How_To_Boost_The_Value_Of_Your_Business by marcusjames

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									Title:
How To Boost The Value Of Your Business

Word Count:
811

Summary:
All too often banks, potential investors, and creditors will determine a
company's value based on financial statements. This is a mistake.
Financials don't come close to telling the true story. Sure, they present
the tangible value. But what about the intangible value? Company
valuation is emotional—a company is worth what an acquirer will pay, what
the market will pay, what the interested parties perceive. We see
evidence of this frequently when companies with a trickle of r...


Keywords:
business, startup funding, business loans, equity investment, venture
capital, debt-based financing


Article Body:
All too often banks, potential investors, and creditors will determine a
company's value based on financial statements. This is a mistake.
Financials don't come close to telling the true story. Sure, they present
the tangible value. But what about the intangible value? Company
valuation is emotional—a company is worth what an acquirer will pay, what
the market will pay, what the interested parties perceive. We see
evidence of this frequently when companies with a trickle of revenue are
acquired for gushing millions or even billions of dollars.

Maybe you aren't planning on raising financing, securing a credit line,
being acquired, or one day going public. You still need to continually
boost the value of your company. A higher-value company has more options.
It gets the right partners, preferential terms, and often a more glorious
future. There's an art to value-boosting, and I am going to tell you how
to do it. First, know the facts:

• Company valuation is emotional.

• Intangibles often matter more than tangibles.

• You can't build value if your business isn't enticing.

• You should always be selling: to financiers, customers, strategic
partners, staff, and strangers.

I've used some or all of the following seven value-boosters to quintuple
the value of my clients' companies and my own. These value-boosters have
also worked for companies such as Google (GOOG), Microsoft (MSFT),
YouTube, and many, many more.

1. A killer team and a killer business plan.
2. A hot board of directors and/or advisory board.

3. Specific strategic alliances. An LOI (Letter of Intent) with a partner
ain't gonna cut it. You need a binding contract spelling out exactly what
the terms of your deal are. Clarify how many widgets they will
buy/distribute/co-market, the time period, as well as what happens if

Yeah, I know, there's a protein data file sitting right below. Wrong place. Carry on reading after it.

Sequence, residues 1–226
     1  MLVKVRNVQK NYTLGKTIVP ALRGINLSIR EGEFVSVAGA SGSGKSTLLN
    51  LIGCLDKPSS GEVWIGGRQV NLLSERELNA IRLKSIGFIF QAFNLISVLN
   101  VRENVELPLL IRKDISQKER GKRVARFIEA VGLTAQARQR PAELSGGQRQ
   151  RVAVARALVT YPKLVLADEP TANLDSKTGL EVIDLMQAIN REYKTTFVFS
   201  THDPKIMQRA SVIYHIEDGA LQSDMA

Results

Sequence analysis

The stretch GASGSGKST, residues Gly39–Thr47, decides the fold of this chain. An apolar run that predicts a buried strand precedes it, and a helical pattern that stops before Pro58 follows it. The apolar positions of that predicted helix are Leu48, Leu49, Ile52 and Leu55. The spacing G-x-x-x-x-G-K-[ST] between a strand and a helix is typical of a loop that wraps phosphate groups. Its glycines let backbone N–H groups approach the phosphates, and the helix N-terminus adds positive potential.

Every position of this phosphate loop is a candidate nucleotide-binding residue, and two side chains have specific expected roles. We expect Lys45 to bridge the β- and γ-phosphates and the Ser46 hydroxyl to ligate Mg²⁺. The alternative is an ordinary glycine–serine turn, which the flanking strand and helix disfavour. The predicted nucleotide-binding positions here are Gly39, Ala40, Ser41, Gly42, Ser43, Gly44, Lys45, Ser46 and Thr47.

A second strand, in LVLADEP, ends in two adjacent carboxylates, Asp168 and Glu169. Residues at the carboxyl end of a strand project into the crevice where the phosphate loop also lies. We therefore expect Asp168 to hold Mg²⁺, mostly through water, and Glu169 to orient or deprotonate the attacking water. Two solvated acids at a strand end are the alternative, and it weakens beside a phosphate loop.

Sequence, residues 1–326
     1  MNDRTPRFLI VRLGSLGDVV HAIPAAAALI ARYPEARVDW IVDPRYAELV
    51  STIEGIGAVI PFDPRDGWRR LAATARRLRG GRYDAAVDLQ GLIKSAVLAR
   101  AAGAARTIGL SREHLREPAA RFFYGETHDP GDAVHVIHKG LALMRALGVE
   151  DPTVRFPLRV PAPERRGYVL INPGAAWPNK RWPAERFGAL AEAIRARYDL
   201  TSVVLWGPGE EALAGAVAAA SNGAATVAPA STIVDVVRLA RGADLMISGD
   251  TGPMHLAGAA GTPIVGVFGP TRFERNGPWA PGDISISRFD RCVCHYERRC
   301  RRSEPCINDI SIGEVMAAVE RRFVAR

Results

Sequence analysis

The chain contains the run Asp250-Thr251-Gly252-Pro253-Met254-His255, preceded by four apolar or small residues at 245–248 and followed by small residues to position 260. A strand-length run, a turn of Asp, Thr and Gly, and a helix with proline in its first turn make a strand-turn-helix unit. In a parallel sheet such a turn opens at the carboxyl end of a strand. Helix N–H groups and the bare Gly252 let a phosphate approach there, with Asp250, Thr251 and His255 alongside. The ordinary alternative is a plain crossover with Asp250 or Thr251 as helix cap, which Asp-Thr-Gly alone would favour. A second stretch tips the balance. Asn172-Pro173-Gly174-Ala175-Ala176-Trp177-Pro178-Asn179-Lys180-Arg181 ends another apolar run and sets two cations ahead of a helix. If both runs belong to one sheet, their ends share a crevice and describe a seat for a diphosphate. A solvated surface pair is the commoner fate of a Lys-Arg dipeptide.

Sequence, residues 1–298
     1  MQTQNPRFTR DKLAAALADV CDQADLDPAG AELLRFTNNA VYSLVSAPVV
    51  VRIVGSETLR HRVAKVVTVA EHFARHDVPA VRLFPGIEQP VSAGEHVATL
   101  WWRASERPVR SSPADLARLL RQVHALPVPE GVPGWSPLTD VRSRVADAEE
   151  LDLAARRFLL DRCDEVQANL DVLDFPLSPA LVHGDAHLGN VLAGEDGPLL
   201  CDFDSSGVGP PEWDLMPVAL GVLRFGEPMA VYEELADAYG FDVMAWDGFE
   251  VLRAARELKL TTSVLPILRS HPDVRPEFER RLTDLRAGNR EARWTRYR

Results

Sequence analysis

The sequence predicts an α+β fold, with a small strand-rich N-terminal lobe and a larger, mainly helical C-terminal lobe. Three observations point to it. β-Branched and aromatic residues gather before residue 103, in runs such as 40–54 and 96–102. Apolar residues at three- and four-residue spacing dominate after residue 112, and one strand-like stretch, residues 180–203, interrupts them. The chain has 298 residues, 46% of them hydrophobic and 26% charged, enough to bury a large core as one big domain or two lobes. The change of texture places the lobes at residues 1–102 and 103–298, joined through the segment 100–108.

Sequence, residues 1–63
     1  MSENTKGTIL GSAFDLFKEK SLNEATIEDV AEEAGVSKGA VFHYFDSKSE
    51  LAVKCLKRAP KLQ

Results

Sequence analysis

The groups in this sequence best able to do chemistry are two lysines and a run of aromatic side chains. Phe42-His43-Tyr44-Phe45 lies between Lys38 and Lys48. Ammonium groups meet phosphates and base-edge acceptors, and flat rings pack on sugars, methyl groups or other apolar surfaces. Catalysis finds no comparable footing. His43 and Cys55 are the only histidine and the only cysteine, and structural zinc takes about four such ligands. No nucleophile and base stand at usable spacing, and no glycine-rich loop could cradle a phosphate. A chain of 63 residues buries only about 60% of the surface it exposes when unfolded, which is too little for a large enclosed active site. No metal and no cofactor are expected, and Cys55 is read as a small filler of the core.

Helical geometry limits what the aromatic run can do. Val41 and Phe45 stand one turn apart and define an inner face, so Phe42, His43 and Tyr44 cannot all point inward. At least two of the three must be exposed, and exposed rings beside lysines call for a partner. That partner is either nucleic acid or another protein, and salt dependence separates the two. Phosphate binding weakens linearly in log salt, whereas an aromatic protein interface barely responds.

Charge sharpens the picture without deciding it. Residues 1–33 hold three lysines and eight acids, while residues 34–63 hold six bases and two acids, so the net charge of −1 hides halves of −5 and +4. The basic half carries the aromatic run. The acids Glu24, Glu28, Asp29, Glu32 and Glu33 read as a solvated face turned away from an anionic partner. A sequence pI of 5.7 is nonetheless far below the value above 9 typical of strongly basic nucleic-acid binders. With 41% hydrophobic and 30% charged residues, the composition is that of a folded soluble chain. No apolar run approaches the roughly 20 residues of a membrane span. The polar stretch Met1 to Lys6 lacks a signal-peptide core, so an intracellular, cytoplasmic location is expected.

they default on the agreement.

4. New sales channels. Distributors, value-added resellers, outside sales
forces, affiliates, joint-venture partners—all boost the value of your
company. Of course, you'll track the performance of your sales channels.
Use the affiliate tools in your online shopping cart to track the
performance of your online sale channels, and use your accounting system
or sales force management software to track all others.

5. Product line extension. Let's assume you sell a supercool widget.
What's next? Son of Widget? Platinum Widget? Widget Extraordinaire? Map
out your future product lines so financiers, partners, and staff can see
where you are headed and how you plan to get there.

6. Intellectual-property (IP) portfolio. Protect your corporate jewels! A
patent portfolio can be worth gold. A friend of mine sold his company for
$425 million (with about $30 million in trailing revenue) because he had
locked in so many patents. That's what the acquirer bought. They didn't
give a hoot about the business.

7. Compelling prototype of product. This is key when you're in the zero
or near-zero revenue range, as you'll see below. People need to
see/touch/feel what the product will be like. Then they can envision your
fabulous future.

Consider this example. A professional services firm with an initial value
of $2 million hired me to help boost its value. But the trouble with
services firms is they are often valued at only revenue times one. Ick.
So we beefed up the board and advisers (adding $1 million in value),
helped nail down specific strategic alliances ($3 million), mapped out a
line of "productized" services ($2 million), and developed new sales
channels ($2 million). About six intense months later, the firm sought
financing with a respectable pre-money valuation of $10 million. It
closed the financing in three months.

Then there is the example of the Internet promotion company I started
with no revenue. Before seeking financing, my team and I had to answer
the question: How do you make an idea into a hot commodity? The solution
consisted of pulling in a rocking team and coming up with a hot business
plan (adding $1 million in value), developing a compelling product
prototype ($1 million), locking in killer alliances ($1 million), and
building an IP portfolio ($2 million). We took its value to $5 million in
four intense, somewhat sleep-deprived months. Then we raised $2.5 million
in financing with a pre-money value of $5 million, and a post-money value
of $7.5 million. The $2.5 million invested bought one-third of the
company.
Value is about potential. Potential today, potential tomorrow. The main
reason you keep building value in your company, in all the tangible and
intangible ways (and as I've shown you, the "intangible" ways often do
have dollar values attached to them!), is because a high-value company
gets the financing it wants on the terms it wants. It also gets multiple
acquisition offers at fabulous terms. The high-value company gets the
alliances, the staff, and the opportunities it wants, too.

Remember, you are selling the future as you are selling the present. The
present must look promising for the future to be potentially glorious.
What are you doing to boost the value of your company today?

								
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